MONALEESA-7

 NCT02278120
(Tripathy et al. 2018)IIIn = 672HR+ HER2- ABC

No prior endocrine therapy for advanced disease

≤1 line of chemotherapy for advanced disease

Pre/perimenopausal
Ribociclib + tamoxifen / NSAI + goserelin vs tamoxifen / NSAI + goserelinPFS: 23.8 months vs 13 months (HR: 0.55; 95% CI: 0.44–0.69; one-sided P < 0.001)Not reportedNot reported
(Im et al. 2019)OS at 48 months: 70.2% vs 46%

(HR: 0.71; 95% CI: 0.54–0.95; P = 0.00973)
(Lu et al. 2019)n = 360Gene expression analysis of baseline tumour mRNACustomised NanoString nCounter GX 800-gene panel PFS benefit seen with ribociclib also trended to be greater in patients with low vs high expression of CCNE1 (HR: 0.38 vs 0.65)Not reported
 CLEE011X2106

 NCT01857193
(Bardia et al. 2018)Ib/IIn = 132ER+ HER2- ABC

Resistant to NSAI

No prior CDK4/6i (cohort 1) or progressed within 1 month of CDK4/6i therapy (cohort 2)

Postmenopausal
Ribociclib (300 mg) + everolimus + exemestane vs ribociclib + exemestaneBaseline tumour samples were assessed using NanoString 230-gene nCounter GX Human Reference panelCohort 2: trend for higher CCNE1 and/or CDK2 expression in patients with progressive disease compared to stable diseaseNot reported

Treatment administration: Abemaciclib: every 12 h for 28 days (oral); Anastrazole: 1 mg daily (oral); Everolimus: 2.5 mg daily (oral); Exemestane: 25 mg daily (oral); Fulvestrant: 500 mg every 14 days for three cycles and then every 28 days (i.m. injection); Goserelin: 3.6 mg every 28 days (s.c. injection); Letrozole: 2.5 mg daily (oral); Palbociclib: 125 mg daily for 21 consecutive days, followed by 7 days off (oral); Ribociclib: 600 mg daily for 21 consecutive days, followed by 7 days off (oral); Tamoxifen: 20 mg daily (oral).

ABC: advanced breast cancer; CB: clinical benefit; CBR: clinical benefit rate; CCCA: complete cell cycle arrest; CDK4/6i: cyclin-dependent kinase 4/6 inhibitor; CI: confidence interval; CRR: clinical response rate; ctDNA: circulating tumour DNA; EBC: early breast cancer; ER+: estrogen receptor; EOT: end of treatment; FISH: florescent in situ hybridisation; HER2: human EGF receptor 2; HR: hazard ratio; HR+: hormone receptor; IHC: immunohistochemistry; LMW: low-molecular weight cyclin E1; MBC: metastatic breast cancer; MDACC: MD Anderson Cancer Centre (University of Texas); NCT: ClinicalTrials.gov Identifier; NSAI: nonsteroidal aromatase inhibitors, for example, letrozole, anastrozole; ORR: objective response rate; OS: overall survival; PFS: progression-free survival.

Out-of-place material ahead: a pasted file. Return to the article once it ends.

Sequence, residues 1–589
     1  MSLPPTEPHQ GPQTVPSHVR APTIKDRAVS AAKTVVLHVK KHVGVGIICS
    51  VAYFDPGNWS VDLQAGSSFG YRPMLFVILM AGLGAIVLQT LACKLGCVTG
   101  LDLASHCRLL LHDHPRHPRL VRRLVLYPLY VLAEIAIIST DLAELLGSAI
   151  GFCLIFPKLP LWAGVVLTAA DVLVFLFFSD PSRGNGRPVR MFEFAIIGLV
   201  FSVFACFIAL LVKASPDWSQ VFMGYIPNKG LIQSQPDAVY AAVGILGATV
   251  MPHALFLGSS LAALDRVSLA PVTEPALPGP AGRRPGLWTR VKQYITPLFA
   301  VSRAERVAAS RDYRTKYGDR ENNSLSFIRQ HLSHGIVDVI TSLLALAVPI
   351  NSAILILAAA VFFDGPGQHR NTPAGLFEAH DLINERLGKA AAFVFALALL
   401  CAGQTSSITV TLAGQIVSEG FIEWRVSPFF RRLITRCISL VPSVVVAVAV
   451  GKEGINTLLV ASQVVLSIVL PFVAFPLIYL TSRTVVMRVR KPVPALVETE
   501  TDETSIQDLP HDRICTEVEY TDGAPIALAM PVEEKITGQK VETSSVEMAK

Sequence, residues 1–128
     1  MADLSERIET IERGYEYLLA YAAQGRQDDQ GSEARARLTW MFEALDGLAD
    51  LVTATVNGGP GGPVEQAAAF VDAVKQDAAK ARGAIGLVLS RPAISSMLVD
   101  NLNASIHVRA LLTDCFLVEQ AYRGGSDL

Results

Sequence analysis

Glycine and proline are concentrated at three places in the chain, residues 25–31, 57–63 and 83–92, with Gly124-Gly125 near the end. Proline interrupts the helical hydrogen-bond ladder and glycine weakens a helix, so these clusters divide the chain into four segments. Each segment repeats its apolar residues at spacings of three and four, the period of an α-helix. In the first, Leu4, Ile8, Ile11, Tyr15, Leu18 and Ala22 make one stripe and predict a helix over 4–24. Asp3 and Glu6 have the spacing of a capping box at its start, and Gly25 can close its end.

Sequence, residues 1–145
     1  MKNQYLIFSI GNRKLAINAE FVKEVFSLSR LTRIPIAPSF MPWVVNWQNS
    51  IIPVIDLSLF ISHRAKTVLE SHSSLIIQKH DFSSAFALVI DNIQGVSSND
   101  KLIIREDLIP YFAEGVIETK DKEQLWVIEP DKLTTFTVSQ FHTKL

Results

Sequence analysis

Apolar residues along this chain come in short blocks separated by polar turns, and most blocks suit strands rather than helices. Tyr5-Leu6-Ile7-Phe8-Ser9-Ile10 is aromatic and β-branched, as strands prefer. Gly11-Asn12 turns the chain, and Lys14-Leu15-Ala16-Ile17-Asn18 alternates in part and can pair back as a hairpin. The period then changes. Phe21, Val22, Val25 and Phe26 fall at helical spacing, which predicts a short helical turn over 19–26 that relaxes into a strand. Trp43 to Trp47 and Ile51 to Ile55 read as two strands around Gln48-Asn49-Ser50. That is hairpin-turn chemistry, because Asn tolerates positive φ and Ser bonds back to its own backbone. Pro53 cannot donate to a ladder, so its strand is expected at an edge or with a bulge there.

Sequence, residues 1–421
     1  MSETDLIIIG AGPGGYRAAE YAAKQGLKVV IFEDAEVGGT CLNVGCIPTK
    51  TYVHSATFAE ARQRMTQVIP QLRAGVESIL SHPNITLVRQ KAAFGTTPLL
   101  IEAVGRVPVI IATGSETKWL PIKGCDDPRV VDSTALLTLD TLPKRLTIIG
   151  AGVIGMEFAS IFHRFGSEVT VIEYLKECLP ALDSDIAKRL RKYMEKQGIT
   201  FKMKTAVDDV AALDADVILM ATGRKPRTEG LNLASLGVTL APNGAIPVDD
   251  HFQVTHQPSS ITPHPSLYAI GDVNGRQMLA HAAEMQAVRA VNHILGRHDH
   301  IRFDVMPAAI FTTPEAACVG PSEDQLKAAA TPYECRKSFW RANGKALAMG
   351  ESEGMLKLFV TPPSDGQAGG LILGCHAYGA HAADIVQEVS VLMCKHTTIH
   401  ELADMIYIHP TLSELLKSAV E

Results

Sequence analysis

The degree of change of proliferative markers in response to CDK4/6 inhibitors can be correlated to either CCNE1 or CCNE2 across several studies. In the POP trial of pre-operative palbociclib, CCNE2 expression was significantly decreased in anti-proliferative responders vs non-responders measured over 15 days ( P = 0.006) (Arnedos et al. 2018). The POP study also showed a non-significant trend for CCNE1 to be high in non-responders (P < 0.09) (Arnedos et al. 2018). Similar observations were made in the NeoPalAna study (CCNE1 was high in patients who maintained high Ki67 after 15 days of treatment) (Ma et al. 2017) and the PALLET study (low Ki67 at 14 weeks was significantly less frequent in CCNE1 high patients) (Martins et al. 2019). CCNE2 was not measured in the NeoPalAna or PALLET studies.

It is unlikely that cyclin E1 amplification predisposes to CDK4/6 inhibitor resistance, as the frequency is not high in ER+ breast cancer (0.7%, Fig. 2B). There is no evidence that CCNE1 amplification is acquired during progression to resistance: in the PALOMA-2 trial it was noted that there were insufficient CCNE1 amplified patients to examine the relationship with resistance (Finn et al. 2019), and in the PALOMA-3 trial CCNE1 amplification was not acquired in 28 patients who progressed on palbociclib plus fulvestrant (O’Leary et al. 2018). In the study of Formisano et al. (2019), 2/34 patients had CCNE1 amplifications following progression on palbociclib (CCNE2 status was not measured). However, this cohort was not analysed for pre-existing CCNE1 amplifications, so it is not known if this was acquired during the development of resistance. CCNE2 amplification is much more prevalent in ER+ breast cancer, so it could predispose to resistance or be acquired to facilitate resistance. CCNE2 amplification was observed in 4/18 patients at commencement of the PALOMA-3 trial, but no further amplification events occurred during disease progression (O’Leary et al. 2018).

Overall, there is a growing body of evidence that CCNE1 could be a significant biomarker for poorer response to CDK4/6 inhibitors combined with endocrine therapy. Given the poor performance of cyclin E1 protein as a biomarker for endocrine therapy resistant breast cancer, it seems unlikely that full length cyclin E1 protein could be used as an immunohistochemistry marker in the context of CDK4/6 inhibitor resistance. Insufficient data has been collected regarding the potential of CCNE2 as a biomarker in CDK4/6 inhibitor resistance, but given the prevalence of gene amplification and strong correlations with proliferation and resistance (DeMichele et al. 2016, Arnedos et al. 2018), further investigation is warranted.

Emerging cyclin E-CDK2 inhibition strategies